Start with a chain of 15 stitches. (So sorry these pictures are a little grainy! You can still see what’s going on, but the video is clearer!)
1. Work a HDC into each space, starting with the second chain from the hook (14 HDCs). At the end of the row, chain 2 and turn.
2. Start a treble stitch by wrapping the yarn around the hook twice, then insert your hook under the first HDC and pull up a loop around the HDC. Finish the Tr normally. This is a tr/rf. It sounds a lot more complicated than it actually is, so take a look at the pictures and the video to help you out!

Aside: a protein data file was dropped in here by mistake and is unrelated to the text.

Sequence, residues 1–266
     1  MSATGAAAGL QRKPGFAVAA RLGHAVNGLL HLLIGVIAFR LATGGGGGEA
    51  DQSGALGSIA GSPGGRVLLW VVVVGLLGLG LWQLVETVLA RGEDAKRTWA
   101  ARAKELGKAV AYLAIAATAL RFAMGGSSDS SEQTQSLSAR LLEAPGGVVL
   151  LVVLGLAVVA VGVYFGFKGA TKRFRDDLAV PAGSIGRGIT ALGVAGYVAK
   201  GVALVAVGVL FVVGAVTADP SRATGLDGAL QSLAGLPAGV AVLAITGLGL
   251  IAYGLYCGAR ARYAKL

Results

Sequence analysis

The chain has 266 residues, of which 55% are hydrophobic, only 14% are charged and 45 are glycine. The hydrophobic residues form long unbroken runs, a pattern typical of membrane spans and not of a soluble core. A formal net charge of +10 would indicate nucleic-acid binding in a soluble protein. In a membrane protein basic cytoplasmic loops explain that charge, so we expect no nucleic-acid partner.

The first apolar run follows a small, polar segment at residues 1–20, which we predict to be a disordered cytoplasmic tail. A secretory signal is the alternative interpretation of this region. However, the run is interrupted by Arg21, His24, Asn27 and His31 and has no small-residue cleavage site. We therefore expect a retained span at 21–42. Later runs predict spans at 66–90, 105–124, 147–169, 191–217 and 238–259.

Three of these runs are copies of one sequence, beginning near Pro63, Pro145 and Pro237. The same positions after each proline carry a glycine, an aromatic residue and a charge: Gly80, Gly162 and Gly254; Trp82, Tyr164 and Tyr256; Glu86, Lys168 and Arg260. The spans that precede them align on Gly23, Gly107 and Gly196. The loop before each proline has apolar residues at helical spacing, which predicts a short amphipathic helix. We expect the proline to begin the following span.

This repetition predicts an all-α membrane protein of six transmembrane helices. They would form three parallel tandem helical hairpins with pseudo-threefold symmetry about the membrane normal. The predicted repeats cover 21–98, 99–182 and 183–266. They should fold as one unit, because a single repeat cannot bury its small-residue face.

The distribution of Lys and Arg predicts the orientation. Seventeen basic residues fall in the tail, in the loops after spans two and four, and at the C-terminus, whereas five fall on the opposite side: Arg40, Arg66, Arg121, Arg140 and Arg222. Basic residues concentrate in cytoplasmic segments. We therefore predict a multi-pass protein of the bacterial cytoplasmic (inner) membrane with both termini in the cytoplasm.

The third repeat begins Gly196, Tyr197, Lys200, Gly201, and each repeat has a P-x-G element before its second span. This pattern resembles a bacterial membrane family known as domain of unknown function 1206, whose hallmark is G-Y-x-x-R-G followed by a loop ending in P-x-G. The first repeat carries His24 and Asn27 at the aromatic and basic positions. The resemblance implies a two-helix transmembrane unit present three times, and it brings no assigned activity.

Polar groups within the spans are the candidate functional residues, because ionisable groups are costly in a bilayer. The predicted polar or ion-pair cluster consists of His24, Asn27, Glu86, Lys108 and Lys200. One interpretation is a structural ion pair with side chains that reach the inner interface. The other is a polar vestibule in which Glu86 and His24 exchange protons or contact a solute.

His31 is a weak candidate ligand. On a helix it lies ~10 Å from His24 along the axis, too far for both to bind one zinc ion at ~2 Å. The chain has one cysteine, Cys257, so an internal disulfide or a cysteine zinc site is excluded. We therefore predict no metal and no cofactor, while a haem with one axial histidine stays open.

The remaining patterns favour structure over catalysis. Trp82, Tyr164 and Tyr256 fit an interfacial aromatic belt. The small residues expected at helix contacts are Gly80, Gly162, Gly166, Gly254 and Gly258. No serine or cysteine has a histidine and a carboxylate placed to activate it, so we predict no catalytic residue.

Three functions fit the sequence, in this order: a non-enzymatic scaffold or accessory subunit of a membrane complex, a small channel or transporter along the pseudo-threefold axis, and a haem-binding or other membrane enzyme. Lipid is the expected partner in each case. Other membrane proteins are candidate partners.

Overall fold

Now, HDC 2 times, and then tr/rf 6 times over the next 6 stitches. These 6 stitches will be the cables. Next, HDC 2 times, work another tr/rf, and HDC into the turning chain. This is the first row. Chain 2, turn.
3. For the second row, we’ll be working into the trebles in the same way, but from behind. So, with the wrong side facing you, tr/rb by wrapping your treble stitch around the post of the treble behind (on the right side).
Now, finished the row. HDC 2, tr/rb 6 times, HDC 2, tr/rb and HDC into the turn chain. Chain 2, turn.
4. This row is where the cables cross over each other. Start off normally with a tr/rf and the 2 HDCs. To make the cables cross over, skip 3 trebles and work 3 tr/rf into the next 3. This brings the cables from the left side over to the right.